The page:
— In recently unveiling its first 3D plasma displays, which are on display at CEDIA Expo this week, LG Electronics became the first TV manufacturer to christen a new certification program for 3D display products from THX.
LG introduced earlier this month two Infinia 1080p 3D plasma TVs, carrying a certification mark signifying the sets measure up to THX’s stringent protocols for performance.
According to Kevin Wines, THX image technology director, the new LG displays, and any others that are to receive the seal in the future, will present images that are free of some of the artifacts and problems for which some rival 3D displays on the market have been criticized.
LG’s new THX plasma models are part of the PX950 series and include the 60-inch and 50-inch screen sizes, carrying suggested retails of $2,999 and $1,999, respectively.
Both models were said to have passed more than 400 laboratory tests evaluating left- and right-eye images for color accuracy, cross-talk, viewing angles and video-processing performance.
In order to pass 3D certification, both sets had to first pass THX’s certification for 2D picture quality.
THX will certify 3D displays of any type, including video projectors and LCDs. Although LG introduced Infinia 3D LCD displays several weeks earlier, those models missed THX 3D certification because they were manufactured prior to completion of the THX 3D certification standards, said Tim Alessi, LG product development director.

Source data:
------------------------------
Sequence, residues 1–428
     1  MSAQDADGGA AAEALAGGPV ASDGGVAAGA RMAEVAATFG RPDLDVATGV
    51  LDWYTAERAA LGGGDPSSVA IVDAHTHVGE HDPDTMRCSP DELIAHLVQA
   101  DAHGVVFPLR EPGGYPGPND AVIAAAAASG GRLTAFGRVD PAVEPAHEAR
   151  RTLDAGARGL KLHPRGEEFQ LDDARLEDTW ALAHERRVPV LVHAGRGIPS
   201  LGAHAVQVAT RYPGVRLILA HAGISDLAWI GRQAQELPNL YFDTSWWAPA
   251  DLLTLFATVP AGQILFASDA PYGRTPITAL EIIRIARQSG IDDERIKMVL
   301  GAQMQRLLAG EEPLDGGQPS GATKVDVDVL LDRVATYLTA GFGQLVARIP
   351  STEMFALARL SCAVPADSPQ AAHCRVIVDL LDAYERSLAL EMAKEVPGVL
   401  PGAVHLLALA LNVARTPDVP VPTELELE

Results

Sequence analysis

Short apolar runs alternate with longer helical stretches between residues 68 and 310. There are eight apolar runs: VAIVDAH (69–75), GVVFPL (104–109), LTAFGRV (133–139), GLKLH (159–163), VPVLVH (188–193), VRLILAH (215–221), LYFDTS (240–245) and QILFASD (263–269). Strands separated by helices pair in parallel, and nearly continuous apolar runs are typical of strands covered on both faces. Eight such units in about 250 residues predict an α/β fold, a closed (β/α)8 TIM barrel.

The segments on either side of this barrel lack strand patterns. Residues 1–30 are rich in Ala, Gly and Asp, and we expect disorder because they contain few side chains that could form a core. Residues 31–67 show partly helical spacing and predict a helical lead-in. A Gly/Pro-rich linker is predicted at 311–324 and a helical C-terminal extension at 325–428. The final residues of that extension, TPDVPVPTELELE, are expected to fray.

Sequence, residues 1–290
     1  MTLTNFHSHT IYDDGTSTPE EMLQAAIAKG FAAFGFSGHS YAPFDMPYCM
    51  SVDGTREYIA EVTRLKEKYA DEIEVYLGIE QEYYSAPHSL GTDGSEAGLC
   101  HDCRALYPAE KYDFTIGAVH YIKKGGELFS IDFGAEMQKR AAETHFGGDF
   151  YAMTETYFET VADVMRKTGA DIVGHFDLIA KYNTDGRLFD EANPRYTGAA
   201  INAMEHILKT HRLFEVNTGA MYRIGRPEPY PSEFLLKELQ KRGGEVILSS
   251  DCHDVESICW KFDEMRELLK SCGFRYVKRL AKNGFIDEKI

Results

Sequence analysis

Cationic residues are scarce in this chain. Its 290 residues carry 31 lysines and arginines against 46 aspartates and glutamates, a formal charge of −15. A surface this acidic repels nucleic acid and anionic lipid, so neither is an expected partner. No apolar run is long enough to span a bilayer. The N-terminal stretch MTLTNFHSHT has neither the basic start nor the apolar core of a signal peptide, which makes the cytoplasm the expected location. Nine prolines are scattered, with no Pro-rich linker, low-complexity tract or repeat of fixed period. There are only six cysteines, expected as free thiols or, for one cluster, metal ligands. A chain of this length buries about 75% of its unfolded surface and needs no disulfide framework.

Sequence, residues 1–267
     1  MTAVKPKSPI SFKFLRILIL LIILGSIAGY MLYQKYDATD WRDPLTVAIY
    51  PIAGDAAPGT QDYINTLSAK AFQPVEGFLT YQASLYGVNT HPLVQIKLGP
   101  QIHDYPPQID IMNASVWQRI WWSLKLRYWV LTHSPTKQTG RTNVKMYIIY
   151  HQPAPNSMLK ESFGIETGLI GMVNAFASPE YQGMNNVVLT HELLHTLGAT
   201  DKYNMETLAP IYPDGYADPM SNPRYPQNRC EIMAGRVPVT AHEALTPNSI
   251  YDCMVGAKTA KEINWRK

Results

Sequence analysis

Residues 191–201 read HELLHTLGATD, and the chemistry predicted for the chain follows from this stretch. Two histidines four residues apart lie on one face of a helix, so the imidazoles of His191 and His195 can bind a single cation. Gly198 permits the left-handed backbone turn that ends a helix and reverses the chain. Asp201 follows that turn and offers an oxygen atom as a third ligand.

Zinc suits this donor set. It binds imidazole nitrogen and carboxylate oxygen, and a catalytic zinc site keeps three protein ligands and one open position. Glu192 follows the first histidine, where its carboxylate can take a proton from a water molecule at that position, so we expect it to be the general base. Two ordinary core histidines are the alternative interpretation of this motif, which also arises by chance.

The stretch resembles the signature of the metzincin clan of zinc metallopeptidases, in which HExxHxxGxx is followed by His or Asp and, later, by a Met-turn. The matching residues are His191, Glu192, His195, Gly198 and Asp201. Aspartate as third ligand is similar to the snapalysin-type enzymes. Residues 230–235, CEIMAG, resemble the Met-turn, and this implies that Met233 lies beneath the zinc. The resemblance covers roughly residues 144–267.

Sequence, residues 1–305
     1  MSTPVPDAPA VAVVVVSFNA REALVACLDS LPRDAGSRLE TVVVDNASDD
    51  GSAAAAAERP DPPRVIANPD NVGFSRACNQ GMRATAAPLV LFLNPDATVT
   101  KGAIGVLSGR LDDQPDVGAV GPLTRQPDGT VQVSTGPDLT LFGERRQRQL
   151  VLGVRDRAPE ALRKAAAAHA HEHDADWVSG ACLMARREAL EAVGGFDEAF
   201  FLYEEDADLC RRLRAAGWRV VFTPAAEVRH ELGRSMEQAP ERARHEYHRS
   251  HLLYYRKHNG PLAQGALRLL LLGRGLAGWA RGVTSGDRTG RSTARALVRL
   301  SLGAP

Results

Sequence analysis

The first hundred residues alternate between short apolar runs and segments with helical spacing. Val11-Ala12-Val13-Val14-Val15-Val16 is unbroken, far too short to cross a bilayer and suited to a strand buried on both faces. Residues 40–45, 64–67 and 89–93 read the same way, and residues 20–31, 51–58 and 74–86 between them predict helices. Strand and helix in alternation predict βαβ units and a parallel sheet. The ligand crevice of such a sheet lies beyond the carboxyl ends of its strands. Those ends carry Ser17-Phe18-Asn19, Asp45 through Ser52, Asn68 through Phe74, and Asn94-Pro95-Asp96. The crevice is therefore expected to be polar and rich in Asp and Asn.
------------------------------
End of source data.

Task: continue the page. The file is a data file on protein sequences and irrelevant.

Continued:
“The TV is built to the specification,” explained Graham McKenna, THX public relations director. “So, when a set comes in we work with the manufacturer on the prototype development stage to lock the firmware in before it goes into mass production.”
After passing tests and locking in the firmware, THX sends technicians to the factory to QC products coming off the assembly line, McKenna said.
In both the 2D and 3D certification processes, THX is able to make suggestions to the product development team for tweaks and corrections to bring the sets into compliance with the certification standards, Wines explained.
“What THX did for our sets in 2D is taken to another whole realm in 3D, where people are re-experiencing 3D for the first time,” Alessi said. “This adds a new dimension in what picture quality people should expect, and having the THX certification on there should really help elevate” their feeling of confidence.
Wines said the challenges faced in home-theater displays parallels those being faced in public theaters, as well.
Basic criteria include making brightness of the displays much higher to compensate for the loss of brightness imposed by the shaded glasses.
Engineers analyze left- and righteye images to ensure they retain the sharpness and detail.
THX is also working with content producers to produce 3D programming for maximum quality in the home, he said.
In that effort, the image-standards firm recently announced that it has teamed with Blufocus to offer the industry’s first 3D certification for Bluray movies and broadcast programs.
The THX-Blufocus Certification program will cover all aspects of 3D production, including onscreen characters, graphics and subtitles, as well as audio and authoring quality assurance.
Meanwhile, the THX 3D TV certification is glasses-technology agnostic, meaning THX 3D programs can be adjusted for both active-shutter and passive glasses systems. LG’s new THX 3D plasma sets use an activeshutter glasses system, Alessi said.